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David Fricker, the head of the National Archives of Australia, is up at Senate estimates and has just conceded that his agency risks breaching the Archives Act because it is so under-resourced records may soon deteriorate or be lost.
It is rather an awkward point to make, given he is sitting right next to his minister, Amanda Stoker.
Because if you engage in conduct that results in the deterioration or loss of the record, that’s a breach of the Archives Act.
I don’t accept the premise of the question that’s based on the idea that the archives isn’t getting what it needs to do its job properly. Most agencies would like to have more, they would like to have access to an ever-growing pie. But if we assess the great work that the national archives is doing against its resources, I think it can hold its head very high.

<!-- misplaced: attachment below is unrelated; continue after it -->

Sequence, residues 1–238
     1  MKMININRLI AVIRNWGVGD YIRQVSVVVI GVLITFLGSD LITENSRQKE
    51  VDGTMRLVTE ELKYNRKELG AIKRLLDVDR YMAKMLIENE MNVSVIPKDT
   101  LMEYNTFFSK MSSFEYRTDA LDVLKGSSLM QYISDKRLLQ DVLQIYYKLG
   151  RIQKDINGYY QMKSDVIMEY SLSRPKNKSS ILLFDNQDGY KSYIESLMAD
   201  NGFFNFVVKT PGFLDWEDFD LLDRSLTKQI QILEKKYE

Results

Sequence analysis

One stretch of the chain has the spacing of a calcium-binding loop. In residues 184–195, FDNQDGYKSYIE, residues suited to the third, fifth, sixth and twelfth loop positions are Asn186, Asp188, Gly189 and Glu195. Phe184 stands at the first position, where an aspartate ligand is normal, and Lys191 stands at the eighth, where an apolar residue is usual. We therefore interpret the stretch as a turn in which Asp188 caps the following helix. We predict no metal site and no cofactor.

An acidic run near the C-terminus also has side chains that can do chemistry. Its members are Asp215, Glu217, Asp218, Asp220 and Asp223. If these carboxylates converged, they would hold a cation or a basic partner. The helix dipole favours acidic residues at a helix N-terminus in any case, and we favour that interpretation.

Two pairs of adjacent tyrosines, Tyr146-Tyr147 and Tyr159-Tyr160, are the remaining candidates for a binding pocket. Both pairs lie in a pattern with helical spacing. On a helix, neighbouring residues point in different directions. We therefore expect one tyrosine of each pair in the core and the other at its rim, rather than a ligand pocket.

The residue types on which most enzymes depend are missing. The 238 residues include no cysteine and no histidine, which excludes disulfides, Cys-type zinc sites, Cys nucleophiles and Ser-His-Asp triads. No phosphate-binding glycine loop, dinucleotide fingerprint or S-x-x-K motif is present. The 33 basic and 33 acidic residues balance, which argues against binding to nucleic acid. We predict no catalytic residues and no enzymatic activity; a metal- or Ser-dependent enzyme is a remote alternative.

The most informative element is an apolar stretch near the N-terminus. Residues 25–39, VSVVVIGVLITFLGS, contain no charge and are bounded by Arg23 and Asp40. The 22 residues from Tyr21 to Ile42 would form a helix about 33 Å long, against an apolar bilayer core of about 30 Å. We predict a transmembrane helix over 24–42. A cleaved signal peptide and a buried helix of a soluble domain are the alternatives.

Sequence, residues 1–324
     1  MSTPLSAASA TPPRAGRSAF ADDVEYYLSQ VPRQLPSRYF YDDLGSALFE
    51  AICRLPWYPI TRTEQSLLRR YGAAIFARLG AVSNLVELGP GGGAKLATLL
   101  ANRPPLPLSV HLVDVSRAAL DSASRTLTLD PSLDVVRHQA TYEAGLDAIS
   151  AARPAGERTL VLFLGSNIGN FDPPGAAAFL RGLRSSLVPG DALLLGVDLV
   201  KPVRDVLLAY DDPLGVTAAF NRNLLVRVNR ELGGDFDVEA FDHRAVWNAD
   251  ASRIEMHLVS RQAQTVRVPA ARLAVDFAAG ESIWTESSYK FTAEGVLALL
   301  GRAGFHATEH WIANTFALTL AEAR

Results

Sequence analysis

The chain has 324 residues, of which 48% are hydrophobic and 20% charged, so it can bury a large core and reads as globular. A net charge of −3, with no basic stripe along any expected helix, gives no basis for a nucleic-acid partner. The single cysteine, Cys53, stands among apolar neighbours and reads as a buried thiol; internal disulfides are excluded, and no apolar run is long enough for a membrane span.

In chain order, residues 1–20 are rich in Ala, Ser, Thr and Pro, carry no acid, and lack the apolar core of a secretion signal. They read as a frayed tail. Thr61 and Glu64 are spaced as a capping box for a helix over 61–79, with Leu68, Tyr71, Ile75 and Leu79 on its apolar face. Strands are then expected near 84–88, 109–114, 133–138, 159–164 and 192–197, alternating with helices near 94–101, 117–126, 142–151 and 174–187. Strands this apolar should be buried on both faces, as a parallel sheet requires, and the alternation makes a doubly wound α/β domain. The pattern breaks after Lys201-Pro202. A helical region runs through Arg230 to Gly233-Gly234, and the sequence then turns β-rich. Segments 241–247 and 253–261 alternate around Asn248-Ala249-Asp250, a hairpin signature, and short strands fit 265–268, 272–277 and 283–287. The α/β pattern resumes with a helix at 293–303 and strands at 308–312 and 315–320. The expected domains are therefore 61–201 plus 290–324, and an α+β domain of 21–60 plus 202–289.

Here is what the South Australia police say about the arrest of a former South Australian Labor MP and her husband over blackmailing offences:
Shortly after 7.00 am this morning SAPOL Major Crime Investigation Branch detectives attended at a domestic residence in the southern regional area where they arrested a 60 year old man and 63 year old woman both from Strathalbyn.
Both people were charged with the serious offence of Blackmail Section 172 of the Criminal Law Consolidation Act, 1935 which has a maximum penalty of 15 years imprisonment.